Mike Siderakis to Represent New York's 2nd Senate District

The Editorial Board

Neither Mike Siderakis nor Mario R. Mattera has held elected office, but each knows his way around the halls of power. That experience reflects most positively on Siderakis, in the race to replace former Senate Majority Leader John Flanagan, at one time the most powerful Republican in New York.

Siderakis, 51, a Democrat from Nesconset, served as a state trooper for 28 years, including a two-year stint as legislative director for the troopers’ benevolent association. That experience meant he worked in Albany with lawmakers. Siderakis thoroughly understands the issues, and would be ready from the start to capably represent the district. Siderakis has a realistic take on the state’s budget woes. He says that dealing with the shortfall exacerbated by the coronavirus will be painful, and that solutions will include both spending cuts and revenue increases. He argues that a temporary tax on the very wealthy might be needed but that it should come with a hard end date. And he wants to protect school aid and health care from spending reductions.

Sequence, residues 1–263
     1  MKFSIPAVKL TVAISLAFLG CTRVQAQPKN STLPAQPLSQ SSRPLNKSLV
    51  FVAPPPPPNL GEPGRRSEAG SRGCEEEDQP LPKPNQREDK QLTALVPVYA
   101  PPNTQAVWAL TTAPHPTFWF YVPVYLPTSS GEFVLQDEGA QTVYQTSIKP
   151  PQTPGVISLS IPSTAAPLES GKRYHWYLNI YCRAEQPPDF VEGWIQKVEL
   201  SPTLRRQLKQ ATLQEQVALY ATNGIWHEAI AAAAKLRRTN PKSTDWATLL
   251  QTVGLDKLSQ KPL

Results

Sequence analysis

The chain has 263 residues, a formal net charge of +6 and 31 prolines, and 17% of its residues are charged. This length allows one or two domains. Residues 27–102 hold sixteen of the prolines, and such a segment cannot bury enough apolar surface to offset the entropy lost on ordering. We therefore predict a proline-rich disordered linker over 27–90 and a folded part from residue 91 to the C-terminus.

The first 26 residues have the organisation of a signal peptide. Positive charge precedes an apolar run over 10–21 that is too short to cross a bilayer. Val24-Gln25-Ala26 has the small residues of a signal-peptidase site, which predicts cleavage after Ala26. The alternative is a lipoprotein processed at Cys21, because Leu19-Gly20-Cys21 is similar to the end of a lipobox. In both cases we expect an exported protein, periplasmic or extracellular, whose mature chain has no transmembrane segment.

Mattera, 57, a business agent for Plumbers Local Union 200, is a familiar face at town board meetings pushing for union jobs on construction projects. He has a strong commitment to infrastructure and water quality improvements, including sewers and sewage treatment plants. He also has intriguing ideas for the huge tract of state land at the former Kings Park Psychiatric Center site; he wants to involve the community in a planning process that could yield a mix of open space, recreation, entertainment, small businesses and housing in a village-like community. But he lacks Siderakis’ depth of knowledge on a variety of issues and has no suggestions for handling the state’s current budget deficit. Mattera, a Republican from St. James, said he was "100% disgusted" by recent Suffolk County indictments of other officials in his plumbers union, including his fellow business agent, in connection with taking bribes, but he would not commit to returning campaign donations from the union or its leaders.

Siderakis might be making his first run for public office, but it’s a well-timed run for a candidate ready to do the job.